MILWAUKEE (WITI) -- A Marquette University associate professor has been "relieved from his teaching duties" and asked to stay off campus. This, after blogging about an incident between another instructor and student in November.
The man at the center of it all -- Professor John McAdams. He recently wrote in his Marquette Warrior blog that philosophy instruct Cheryl Abbate told a student he could not argue against gay marriage in her class. Her comments led to protests by Westboro Baptist Church at Marquette University.
"For the past ten years, I've been free to criticize Marquette and things that happen at Marquette, sometimes the Marquette facility," said McAdams.
But then Tuesday night, December 16th, McAdams received a letter from the dean.
"I got a letter saying I was under investigation, and that I was banned from campus," said McAdams.
McAdams says what he didn't get was an explanation from the university as to what he is actually accused of. Instead, the university released a statement. It reads as follows:
Given that professor John McAdams has shared his personnel information on his public blog, we are sharing the following information:
Last month, Marquette University began reviewing both a concern raised by a student and a concern raised by a graduate student teaching assistant. While this review continues, professor John McAdams has been relieved of his teaching duties and other faculty duties. His salary and benefits will continue during the course of the review.
Our president has been very clear, including in a recent campus-wide letter, about university expectations and Guiding Values to which all faculty and staff are required to adhere, and in which the dignity and worth of each member of our community is respected, especially students.
“This is a matter of official policy, but it is also a matter of our values,” President Michael R. Lovell said in his letter to the campus community. “Respect is at the heart of our commitment to the Jesuit tradition and Catholic social teaching.”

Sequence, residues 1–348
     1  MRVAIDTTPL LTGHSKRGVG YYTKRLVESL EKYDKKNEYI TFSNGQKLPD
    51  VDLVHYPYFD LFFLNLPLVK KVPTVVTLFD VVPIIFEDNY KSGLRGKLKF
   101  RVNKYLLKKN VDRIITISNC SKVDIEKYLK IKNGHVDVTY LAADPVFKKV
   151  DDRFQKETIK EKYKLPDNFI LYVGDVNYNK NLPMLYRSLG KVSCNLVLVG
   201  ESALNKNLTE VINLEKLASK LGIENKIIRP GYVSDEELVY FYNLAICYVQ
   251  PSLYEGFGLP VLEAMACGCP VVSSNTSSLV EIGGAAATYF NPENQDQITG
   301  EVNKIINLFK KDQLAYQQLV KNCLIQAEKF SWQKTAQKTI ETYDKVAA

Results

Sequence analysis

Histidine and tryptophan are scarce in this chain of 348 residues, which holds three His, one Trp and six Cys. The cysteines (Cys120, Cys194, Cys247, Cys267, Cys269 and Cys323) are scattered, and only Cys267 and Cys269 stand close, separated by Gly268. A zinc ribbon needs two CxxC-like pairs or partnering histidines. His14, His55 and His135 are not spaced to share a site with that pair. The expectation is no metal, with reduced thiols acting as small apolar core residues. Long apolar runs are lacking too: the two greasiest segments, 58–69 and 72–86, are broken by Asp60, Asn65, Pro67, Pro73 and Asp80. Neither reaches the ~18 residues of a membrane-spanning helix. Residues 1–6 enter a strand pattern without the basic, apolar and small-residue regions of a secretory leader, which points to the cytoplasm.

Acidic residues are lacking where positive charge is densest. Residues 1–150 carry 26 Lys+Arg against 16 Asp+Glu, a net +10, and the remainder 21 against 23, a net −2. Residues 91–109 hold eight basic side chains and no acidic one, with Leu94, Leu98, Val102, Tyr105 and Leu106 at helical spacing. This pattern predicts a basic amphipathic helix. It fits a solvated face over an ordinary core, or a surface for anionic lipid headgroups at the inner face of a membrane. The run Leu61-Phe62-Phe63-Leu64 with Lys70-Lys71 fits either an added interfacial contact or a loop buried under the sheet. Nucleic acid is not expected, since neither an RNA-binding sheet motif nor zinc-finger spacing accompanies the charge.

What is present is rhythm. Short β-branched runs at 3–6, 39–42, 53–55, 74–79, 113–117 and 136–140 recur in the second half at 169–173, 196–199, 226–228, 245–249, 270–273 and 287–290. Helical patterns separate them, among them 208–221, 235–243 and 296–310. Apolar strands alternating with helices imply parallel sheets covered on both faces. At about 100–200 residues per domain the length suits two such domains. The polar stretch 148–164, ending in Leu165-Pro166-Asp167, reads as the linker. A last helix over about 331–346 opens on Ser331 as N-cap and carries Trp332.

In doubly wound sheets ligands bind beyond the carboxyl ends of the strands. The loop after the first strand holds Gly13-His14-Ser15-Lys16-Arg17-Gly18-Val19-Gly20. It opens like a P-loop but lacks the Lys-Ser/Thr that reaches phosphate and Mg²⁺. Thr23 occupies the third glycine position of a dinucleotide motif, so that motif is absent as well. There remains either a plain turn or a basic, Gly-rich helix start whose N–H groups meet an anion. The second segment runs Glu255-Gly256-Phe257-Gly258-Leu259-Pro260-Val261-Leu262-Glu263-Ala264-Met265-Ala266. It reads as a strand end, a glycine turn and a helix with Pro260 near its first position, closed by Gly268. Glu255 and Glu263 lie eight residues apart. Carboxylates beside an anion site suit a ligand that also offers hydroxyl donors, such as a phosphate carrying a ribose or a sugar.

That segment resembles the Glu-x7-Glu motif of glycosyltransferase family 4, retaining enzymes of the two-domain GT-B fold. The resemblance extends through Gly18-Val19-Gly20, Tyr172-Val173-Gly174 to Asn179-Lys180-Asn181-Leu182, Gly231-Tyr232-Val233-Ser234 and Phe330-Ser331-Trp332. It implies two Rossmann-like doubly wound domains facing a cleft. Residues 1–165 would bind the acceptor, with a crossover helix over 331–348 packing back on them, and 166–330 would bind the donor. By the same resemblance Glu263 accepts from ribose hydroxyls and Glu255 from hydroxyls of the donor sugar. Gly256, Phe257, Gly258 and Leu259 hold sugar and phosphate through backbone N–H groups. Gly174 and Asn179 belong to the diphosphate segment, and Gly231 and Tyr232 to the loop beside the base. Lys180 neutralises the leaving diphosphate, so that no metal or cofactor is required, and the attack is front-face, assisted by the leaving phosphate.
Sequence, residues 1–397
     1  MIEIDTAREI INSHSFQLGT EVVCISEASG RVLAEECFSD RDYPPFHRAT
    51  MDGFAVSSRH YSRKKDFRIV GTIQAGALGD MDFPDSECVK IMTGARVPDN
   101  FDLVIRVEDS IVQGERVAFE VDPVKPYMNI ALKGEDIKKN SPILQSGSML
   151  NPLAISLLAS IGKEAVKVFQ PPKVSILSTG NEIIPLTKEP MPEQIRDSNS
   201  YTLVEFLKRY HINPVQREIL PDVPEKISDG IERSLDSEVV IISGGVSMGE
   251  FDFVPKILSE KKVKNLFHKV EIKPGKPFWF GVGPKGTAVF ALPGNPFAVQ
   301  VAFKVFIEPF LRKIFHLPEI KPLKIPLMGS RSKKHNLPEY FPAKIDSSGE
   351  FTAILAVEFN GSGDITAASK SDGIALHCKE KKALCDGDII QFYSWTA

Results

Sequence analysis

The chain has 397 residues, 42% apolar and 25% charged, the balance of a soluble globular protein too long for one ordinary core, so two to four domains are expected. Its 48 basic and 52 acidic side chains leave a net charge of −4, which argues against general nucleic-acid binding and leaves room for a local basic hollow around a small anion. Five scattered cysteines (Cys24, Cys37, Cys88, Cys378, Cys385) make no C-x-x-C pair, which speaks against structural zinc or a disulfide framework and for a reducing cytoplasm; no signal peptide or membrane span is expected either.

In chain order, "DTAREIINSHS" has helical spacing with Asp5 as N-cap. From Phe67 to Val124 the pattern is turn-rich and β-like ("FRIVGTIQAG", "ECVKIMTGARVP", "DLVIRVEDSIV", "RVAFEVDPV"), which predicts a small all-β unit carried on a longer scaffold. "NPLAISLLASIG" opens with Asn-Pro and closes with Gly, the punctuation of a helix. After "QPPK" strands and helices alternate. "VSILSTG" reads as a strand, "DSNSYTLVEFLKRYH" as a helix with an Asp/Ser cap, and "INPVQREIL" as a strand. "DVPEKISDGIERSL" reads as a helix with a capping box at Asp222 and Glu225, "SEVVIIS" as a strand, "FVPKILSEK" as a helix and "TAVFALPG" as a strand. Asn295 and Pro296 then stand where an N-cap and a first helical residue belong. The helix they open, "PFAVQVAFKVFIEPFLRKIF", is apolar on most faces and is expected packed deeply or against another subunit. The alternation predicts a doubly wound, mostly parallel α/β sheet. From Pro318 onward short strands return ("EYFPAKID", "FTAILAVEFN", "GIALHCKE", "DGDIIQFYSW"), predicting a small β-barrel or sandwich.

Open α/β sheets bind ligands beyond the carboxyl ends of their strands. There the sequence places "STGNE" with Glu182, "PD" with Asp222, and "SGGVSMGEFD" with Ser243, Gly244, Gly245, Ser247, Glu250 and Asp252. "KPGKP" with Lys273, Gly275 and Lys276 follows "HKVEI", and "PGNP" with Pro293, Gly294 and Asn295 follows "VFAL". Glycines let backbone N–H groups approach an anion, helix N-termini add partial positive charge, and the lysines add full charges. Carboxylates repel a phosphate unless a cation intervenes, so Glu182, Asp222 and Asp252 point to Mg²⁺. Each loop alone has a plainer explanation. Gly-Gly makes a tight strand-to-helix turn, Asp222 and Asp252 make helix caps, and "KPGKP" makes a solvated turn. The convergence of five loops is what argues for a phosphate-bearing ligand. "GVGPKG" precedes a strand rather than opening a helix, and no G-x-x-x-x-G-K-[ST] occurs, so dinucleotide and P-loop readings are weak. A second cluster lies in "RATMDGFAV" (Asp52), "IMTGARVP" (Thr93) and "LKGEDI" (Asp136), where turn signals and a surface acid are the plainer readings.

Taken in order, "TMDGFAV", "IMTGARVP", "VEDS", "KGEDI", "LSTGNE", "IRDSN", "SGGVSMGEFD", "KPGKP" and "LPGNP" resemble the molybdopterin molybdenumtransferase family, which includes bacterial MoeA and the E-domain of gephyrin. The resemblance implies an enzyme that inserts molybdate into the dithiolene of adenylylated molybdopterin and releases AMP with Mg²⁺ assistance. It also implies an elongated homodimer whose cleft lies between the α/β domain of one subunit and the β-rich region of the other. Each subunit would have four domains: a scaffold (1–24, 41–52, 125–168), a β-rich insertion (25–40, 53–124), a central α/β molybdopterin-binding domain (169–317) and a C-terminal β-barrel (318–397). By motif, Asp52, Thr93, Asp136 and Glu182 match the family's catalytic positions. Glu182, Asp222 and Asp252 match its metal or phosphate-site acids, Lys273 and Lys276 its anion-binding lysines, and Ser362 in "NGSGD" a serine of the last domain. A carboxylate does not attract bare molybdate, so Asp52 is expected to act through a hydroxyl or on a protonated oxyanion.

Lovell noted that Marquette listens to any member of the campus community who expresses concerns alleging inappropriate behavior. As stated in our harassment policy, the university will not tolerate personal attacks or harassment of or by students, faculty and staff.
“To be clear, we will take action to address those concerns.” he said. “We deplore hatred and abuse directed at a member of our community in any format.”
The university has protocols in place for students who have concerns related to academic matters or any other issues. Faculty members who express concerns alleging harassment may also refer concerns through standard channels of authority – an associate dean, dean of the college or the provost.
McAdams isn't a stranger to being under his university's microscope. He says he was accused of sexual harassment several years ago after a statement he made in his class. But even then, McAdams says he was never asked to stop teaching or leave campus.
"I don't know what the point of that is. It's as though I was suspected of terrorist activity or something. what in the world is going on there I don't know," said McAdams.
McAdams tells FOX6 News he is not worried about losing his job which he has had for more than 35 years. But he says he does have a lawyer on standby just in case it comes to that.